A Hurricane Sandy Rebuild Brings One Family Hope in the Face of Loss
Picture the quintessential New England beach lifestyle, and you’ll picture the lifestyle described by David Roberts at his Mantoloking, New Jersey, home.
“We had this perfect shingle-style house with hydrangea bushes and three kids and a giant chocolate Lab named Cocoa who would always fall in the water and then I’d have to go in and push him back up because there weren’t any steps,” says Roberts, former mayor of Hoboken, New Jersey, from 2001 through 2009. “That was such a mess! But that was life. It was hard to see at the time that everything was perfect until everything changed.”
The night of October 29, 2012, Hurricane Sandy barreled through the Northeast, devastating much of the Jersey Shore, and causing massive amounts of damage, power outages, and flooding throughout the streets of Manhattan. Roberts watched the latter unfold from the neurological unit of NYU’s Langone Medical Center, where his wife, Anna Maria Roberts, was recovering from a surgery on a cancer that had recently been discovered in her brain.
In the morning hours of October 30, a Mantoloking neighbor called to check in on Anna, and delivered the news that their beloved summer home had been swept into Barnegat Bay and (in a strange twist) remained entirely in one piece. It was a devastating blow to the Roberts family in a year already plagued by devastating news.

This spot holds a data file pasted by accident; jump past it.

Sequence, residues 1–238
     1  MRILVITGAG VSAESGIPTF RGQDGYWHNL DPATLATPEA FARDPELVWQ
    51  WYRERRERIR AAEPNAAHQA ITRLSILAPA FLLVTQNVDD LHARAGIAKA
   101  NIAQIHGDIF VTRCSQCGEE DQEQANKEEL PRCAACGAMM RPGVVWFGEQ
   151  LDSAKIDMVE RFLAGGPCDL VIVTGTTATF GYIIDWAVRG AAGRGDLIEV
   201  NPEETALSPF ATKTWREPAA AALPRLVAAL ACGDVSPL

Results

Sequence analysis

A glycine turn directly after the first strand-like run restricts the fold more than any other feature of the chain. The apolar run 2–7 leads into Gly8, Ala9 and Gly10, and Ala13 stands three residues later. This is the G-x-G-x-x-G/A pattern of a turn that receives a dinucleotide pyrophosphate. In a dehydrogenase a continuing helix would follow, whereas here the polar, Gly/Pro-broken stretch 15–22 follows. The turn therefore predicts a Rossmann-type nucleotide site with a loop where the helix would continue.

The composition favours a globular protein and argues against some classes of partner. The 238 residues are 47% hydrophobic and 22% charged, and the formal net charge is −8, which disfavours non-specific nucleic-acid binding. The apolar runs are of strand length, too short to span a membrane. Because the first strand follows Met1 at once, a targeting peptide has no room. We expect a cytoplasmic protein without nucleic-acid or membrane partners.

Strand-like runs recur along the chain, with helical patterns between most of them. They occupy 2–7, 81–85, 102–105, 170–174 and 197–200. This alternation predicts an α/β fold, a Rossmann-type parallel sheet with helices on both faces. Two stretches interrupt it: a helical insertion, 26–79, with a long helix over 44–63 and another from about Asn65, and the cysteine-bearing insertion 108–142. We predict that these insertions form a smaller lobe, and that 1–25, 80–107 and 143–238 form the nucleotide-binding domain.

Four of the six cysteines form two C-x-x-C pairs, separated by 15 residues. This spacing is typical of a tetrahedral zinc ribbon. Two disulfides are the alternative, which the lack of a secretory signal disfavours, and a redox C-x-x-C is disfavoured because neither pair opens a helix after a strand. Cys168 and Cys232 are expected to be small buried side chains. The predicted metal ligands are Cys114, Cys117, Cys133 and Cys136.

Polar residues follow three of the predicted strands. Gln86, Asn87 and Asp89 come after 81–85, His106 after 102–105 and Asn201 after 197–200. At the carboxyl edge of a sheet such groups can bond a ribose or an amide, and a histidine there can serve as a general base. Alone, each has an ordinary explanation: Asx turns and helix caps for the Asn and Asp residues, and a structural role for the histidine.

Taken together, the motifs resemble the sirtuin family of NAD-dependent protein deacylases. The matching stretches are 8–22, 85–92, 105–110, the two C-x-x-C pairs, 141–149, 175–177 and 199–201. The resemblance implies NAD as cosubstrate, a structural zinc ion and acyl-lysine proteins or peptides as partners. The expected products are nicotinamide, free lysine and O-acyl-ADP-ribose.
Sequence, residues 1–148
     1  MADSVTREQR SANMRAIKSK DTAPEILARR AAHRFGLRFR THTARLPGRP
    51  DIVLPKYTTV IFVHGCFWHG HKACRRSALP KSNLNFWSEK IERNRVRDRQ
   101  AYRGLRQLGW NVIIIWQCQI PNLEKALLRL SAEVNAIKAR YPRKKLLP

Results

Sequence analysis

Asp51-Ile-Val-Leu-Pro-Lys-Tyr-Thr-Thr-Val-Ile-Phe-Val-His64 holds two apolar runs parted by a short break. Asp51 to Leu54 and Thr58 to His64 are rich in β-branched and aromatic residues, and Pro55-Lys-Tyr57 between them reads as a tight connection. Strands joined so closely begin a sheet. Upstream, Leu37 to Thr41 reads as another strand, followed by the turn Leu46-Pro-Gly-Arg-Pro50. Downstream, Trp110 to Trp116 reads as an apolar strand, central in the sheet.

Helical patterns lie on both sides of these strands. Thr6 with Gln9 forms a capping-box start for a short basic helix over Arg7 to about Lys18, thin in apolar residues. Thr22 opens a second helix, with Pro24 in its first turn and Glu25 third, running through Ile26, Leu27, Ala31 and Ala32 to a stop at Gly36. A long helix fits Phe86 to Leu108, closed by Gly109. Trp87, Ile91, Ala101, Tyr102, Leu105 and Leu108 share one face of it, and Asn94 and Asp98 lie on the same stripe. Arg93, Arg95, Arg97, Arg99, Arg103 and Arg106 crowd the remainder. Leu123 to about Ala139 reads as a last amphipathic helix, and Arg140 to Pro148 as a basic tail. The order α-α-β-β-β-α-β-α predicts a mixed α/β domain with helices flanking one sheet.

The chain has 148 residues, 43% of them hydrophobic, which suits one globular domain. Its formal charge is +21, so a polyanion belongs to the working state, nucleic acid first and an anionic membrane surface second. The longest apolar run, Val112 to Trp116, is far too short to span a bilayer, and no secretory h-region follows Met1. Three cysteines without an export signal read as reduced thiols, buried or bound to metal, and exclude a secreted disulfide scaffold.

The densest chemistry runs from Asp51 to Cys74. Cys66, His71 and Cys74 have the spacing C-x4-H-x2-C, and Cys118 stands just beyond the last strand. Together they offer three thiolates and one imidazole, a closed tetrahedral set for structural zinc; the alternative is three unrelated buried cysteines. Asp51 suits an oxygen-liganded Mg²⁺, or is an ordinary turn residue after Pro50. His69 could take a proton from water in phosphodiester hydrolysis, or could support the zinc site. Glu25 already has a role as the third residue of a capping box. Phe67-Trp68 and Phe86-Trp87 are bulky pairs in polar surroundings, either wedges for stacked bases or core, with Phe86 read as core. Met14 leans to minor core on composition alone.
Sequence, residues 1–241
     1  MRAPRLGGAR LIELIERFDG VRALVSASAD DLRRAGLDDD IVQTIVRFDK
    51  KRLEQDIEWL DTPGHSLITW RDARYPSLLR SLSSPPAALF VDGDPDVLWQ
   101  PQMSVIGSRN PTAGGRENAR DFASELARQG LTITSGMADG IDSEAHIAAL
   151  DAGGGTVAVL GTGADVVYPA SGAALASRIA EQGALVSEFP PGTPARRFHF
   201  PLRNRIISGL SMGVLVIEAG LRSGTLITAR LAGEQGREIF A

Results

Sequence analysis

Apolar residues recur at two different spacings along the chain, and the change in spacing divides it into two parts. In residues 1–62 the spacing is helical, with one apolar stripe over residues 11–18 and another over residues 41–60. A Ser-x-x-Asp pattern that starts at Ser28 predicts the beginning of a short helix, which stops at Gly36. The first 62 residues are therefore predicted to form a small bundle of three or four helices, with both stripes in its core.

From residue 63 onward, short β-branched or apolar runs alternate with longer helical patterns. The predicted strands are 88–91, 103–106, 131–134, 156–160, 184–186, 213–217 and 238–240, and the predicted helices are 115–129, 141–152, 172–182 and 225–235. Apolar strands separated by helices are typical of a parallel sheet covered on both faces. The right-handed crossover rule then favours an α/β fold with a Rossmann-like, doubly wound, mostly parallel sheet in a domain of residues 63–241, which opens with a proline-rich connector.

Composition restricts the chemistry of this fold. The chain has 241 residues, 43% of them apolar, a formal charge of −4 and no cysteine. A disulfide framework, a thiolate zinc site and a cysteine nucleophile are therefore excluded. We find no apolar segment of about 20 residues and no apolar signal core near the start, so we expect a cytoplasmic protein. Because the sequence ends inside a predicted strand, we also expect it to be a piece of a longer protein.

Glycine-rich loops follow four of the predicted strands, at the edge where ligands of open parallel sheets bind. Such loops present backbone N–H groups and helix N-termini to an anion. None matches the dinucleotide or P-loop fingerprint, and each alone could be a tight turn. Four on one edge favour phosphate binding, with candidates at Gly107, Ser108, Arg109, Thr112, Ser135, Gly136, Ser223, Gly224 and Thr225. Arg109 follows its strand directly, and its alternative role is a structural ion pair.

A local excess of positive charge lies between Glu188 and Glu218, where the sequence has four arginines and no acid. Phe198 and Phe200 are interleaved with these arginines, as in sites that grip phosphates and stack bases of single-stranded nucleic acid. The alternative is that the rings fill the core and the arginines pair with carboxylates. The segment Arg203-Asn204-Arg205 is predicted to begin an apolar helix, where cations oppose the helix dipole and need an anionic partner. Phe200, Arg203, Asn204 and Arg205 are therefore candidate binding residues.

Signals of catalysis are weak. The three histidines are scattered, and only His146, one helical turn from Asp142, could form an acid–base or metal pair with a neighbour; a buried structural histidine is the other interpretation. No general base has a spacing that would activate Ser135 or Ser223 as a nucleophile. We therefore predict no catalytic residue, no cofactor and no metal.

“It was very sad to see it sitting there in the middle of the Bay,” says Roberts. “And yet, we really didn’t spend time mourning it because we were in the clutches of dealing with this terrible disease. Anna’s health was our priority.”
Instead, the family – David, Anna, and their three then- teenaged and adult kids: David, Amanda, and Christopher – took time to regroup and soon set about rebuilding their summer escape. “It was never a question for us as to whether to rebuild,” says Roberts. “I don’t know if it was a reflex or if it was something that we just felt intuitively we wanted to do. We just knew we wanted to do it.”